On the Openswan/Linux side, run the command
If everything was done correctly you should see the little green dot on the Sonicwall's VPN list indicating that everything is okay. Some ping tests should should that you have connectivity across the VPN.
- Check the system log file and grep out messages from pluto. This will give you a real time update on the progress of your IPSec connexions.
- Check the Sonicwall log system.
- Make sure none of your iptables rules are blocking VPN traffic (this is a big one).
Multiple subnets across the VPN
So your Sonicwall side has multiple subnets that you want to be able to reach. This is easy with Openswan. On your Sonicwall side of course configure the proper Address Objects. Then on your Openswan config do the following.
version 2.0 config setup nat_traversal=yes oe=off protostack=netkey fragicmp=no conn sonicwall left=126.96.36.199 leftsourceip=192.168.0.1 leftsubnet=192.168.0.0/24 leftid=188.8.131.52 right=184.108.40.206 rightid=220.127.116.11 keyingtries=0 pfs=no aggrmode=yes auth=esp esp=3des-sha1 ike=3des-sha1 authby=secret keyexchange=ike conn sonicwall-0network # Include the other config also=sonicwall # Our default subnet rightsubnet=10.0.0.0/24 # Make sure this one autostarts auto=start conn sonicwall-1network also=sonicwall rightsubnet=10.0.1.0/24 auto=start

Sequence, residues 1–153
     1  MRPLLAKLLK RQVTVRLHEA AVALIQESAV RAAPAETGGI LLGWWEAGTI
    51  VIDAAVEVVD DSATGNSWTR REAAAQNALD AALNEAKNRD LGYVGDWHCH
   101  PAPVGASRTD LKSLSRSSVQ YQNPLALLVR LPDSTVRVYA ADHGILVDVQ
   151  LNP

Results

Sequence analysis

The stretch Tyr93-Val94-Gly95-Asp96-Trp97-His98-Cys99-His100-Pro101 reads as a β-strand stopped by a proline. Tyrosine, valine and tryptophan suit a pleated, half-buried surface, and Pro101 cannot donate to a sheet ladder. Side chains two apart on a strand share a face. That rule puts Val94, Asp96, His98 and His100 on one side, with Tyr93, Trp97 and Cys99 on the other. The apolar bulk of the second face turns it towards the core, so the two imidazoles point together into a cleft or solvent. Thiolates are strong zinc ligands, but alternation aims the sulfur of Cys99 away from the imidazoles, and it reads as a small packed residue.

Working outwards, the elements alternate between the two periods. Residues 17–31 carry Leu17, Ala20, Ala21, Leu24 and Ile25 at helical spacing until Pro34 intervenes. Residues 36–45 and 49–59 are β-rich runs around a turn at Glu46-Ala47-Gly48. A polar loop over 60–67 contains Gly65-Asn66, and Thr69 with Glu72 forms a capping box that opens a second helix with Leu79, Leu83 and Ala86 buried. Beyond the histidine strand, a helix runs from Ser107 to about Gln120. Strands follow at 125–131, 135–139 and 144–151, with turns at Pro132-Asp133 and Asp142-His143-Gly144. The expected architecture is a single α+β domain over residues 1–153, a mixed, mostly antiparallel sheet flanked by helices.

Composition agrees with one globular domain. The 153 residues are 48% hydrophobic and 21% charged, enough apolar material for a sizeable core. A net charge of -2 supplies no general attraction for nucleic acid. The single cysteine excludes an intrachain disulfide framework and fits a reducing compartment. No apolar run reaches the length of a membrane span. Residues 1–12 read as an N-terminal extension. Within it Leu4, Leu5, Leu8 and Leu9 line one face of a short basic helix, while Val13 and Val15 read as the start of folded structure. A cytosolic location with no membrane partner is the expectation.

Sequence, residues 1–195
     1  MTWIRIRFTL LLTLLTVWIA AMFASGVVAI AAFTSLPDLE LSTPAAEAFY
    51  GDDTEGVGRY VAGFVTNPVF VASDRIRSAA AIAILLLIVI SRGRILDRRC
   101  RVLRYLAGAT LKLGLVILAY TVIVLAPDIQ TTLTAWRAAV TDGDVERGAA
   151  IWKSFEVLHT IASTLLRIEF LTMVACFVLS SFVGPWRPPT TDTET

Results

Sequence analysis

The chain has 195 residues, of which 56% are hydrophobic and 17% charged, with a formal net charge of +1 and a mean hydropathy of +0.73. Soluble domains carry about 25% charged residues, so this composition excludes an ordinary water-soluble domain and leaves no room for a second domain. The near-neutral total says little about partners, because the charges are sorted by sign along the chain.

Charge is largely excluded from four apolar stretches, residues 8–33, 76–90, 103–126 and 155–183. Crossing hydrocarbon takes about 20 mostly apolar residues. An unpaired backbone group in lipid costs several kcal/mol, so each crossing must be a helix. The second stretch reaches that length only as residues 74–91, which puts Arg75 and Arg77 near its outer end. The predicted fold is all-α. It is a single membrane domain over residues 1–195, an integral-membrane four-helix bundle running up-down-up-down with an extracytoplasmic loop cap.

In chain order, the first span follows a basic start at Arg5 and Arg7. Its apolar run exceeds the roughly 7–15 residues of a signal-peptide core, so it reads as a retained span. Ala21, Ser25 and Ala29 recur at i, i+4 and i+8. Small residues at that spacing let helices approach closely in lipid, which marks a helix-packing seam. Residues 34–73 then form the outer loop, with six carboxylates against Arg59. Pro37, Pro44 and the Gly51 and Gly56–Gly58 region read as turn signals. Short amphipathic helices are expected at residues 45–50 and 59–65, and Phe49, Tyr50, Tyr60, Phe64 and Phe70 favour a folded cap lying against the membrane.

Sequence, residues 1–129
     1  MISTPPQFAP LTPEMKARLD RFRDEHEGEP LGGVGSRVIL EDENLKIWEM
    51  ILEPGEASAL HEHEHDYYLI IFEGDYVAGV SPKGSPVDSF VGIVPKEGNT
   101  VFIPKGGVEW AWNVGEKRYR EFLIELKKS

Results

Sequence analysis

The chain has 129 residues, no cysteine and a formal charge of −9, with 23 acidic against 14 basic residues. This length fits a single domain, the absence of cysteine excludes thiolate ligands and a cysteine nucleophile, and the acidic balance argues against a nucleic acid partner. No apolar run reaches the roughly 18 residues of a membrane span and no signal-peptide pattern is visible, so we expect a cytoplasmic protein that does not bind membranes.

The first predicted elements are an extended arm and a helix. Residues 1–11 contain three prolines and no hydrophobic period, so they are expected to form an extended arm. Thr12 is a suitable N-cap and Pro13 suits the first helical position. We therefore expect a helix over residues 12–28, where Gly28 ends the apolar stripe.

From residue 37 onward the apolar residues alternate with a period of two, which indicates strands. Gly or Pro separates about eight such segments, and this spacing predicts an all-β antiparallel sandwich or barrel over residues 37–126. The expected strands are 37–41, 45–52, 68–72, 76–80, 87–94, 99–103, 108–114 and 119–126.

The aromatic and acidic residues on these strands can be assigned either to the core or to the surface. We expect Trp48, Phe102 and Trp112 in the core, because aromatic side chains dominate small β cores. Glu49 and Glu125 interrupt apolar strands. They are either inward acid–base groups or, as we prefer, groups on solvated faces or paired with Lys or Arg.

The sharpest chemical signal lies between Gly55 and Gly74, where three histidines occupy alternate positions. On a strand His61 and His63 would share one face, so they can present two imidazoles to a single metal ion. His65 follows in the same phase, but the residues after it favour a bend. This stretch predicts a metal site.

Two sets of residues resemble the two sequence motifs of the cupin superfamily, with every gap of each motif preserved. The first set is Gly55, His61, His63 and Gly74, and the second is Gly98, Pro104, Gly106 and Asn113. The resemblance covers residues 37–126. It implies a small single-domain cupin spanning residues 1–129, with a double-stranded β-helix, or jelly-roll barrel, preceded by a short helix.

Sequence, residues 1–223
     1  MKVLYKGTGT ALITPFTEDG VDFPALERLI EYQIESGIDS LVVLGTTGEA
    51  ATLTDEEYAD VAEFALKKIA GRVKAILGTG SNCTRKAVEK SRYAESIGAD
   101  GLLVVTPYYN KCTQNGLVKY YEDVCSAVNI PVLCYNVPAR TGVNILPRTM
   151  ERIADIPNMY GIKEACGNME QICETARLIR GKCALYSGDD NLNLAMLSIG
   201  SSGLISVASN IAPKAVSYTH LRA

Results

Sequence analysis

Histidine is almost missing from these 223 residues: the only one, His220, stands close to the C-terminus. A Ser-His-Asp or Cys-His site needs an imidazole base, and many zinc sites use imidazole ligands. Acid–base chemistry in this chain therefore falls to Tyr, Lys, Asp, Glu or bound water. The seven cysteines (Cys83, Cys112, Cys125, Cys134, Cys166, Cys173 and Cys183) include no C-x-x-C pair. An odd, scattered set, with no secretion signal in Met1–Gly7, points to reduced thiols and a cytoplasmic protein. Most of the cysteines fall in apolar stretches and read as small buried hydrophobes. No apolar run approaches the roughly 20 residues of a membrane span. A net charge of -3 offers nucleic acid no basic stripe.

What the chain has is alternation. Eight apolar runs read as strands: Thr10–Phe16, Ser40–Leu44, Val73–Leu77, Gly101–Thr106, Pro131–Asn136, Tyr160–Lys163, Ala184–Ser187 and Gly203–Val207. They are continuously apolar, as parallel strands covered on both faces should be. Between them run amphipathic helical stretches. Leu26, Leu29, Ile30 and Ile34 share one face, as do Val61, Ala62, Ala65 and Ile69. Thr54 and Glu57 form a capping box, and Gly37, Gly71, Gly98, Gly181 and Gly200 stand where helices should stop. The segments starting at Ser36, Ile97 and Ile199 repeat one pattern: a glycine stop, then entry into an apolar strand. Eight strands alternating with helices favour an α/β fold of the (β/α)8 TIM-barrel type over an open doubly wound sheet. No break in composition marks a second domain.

Given that 10.0.1.0/24 is the other subnet behind the Sonicwall on some VLAN or something. Make sure you put in the proper firewall rules to allow all traffic to and from the second subnet as well.
Issues, comments, questions?